Friday, November 18, 2011
Winter's Bone - Under the Microscope
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There are good books, there are great books, and then there are those brilliant books that set your hair on fire. And Winter's Bone is a remarkable achievement in human combustion.
How to describe this book? It's a bit like what would happen if Cormac McCarthy decided to write a modern version of True Grit. Cormac didn't, but (luckily) Daniel Woodrell did.
Woodrell calls this a Country Noir - and I love this. Is it entirely accurate? Who knows. But it's an evocative description for a little niche genre of literature. I think you could fit a fair bit of McCarthy's writing in this genre, as well as writers like Ron Rash and Matthew F. Jones. What happens if you take literary crime out of urban cities and chart its progress across the rural poor of backwater towns and deep country? Country Noir.
And Winter's Bone hits every right button possible. A young, complex, and true heroine in search of her father... so that he can turn himself in to the law, so that their house isn't taken from them? Check. A dark and gritty story of crime and drugs and the odd loyalties of family? Check. And searing prose? Check check check. As a lover of pitchperfect sentences, let me tell you that this novel has more than a few. There's something truly perfect about the writing in this book. A few examples:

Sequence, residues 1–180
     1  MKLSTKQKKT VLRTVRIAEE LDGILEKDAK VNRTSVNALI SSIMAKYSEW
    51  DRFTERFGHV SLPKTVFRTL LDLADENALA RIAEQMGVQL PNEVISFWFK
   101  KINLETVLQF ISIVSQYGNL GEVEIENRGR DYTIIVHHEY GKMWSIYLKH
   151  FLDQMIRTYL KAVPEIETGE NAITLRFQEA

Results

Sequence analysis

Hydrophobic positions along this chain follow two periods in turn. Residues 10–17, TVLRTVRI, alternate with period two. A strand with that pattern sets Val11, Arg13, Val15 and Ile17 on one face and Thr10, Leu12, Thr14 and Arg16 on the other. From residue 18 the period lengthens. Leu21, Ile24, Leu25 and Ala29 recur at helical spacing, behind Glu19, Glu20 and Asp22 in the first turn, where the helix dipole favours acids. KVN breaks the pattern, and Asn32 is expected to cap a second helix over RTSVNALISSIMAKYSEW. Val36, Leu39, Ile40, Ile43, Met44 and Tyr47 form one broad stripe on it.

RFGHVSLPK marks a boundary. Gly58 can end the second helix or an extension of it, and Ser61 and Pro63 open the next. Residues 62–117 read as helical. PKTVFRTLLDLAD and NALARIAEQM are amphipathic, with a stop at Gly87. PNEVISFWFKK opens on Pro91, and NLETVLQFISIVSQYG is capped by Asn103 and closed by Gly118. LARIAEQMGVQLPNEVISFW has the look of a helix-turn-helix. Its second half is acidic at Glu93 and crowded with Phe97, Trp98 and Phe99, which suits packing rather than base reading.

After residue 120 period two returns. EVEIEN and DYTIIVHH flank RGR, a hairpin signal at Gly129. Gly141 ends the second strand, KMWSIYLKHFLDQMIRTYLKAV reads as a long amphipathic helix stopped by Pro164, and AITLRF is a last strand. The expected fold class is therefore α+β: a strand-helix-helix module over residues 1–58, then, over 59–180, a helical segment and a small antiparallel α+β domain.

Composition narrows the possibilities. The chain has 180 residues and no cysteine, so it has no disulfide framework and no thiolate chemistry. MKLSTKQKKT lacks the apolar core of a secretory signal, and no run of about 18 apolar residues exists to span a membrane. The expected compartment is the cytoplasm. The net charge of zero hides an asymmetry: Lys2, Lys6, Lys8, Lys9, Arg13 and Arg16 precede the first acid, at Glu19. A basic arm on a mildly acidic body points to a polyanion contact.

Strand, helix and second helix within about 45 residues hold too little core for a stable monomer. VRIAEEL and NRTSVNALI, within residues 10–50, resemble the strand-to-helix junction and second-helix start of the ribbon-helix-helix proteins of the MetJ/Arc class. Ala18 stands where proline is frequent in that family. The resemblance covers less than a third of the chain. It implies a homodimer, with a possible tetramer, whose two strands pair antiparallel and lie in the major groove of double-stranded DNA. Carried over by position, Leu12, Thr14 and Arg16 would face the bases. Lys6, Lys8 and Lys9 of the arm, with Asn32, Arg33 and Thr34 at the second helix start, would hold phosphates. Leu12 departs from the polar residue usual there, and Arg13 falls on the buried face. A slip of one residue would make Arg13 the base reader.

1. "Ree Dolly stood at break of day on her cold front steps and smelled coming flurries and saw meat. Meat hung from trees across the creek. The carcasses hung pale of flesh with a fatty gleam from low limbs of saplings in the side yards. Three halt haggard houses formed a kneeling rank on the far creekside and each had two or more skinned torsos dangling by rope from sagged limbs, venison left to the weather for two nights and three days so the early blossoming of decay might round the flavor, sweeten that meat to the bone."
2. "He ran his eyes into her like a serpent down a hole, made her feel his slither in her heart and guts, made her tremble."
3. "Coyotes howled past dawn, howled from far crags and ridges and down the valley to the end of the rut road where the school bus stopped. Ree, Sonny, and Harold stood next to the county blacktop that led everywhere, beside white levees the plows had built with scraped-aside snow. The morning was clear but bone-cracking cold, and maybe the weather had kept those coyotes from doing what had to be done in the night so they carried on into the day. Wild crooning yips and moans beneath a sun that warmed nothing."
There are books you read and love, and there are books that haunt you, that seep into your head and won't leave you alone. Winter's Bone is one of these.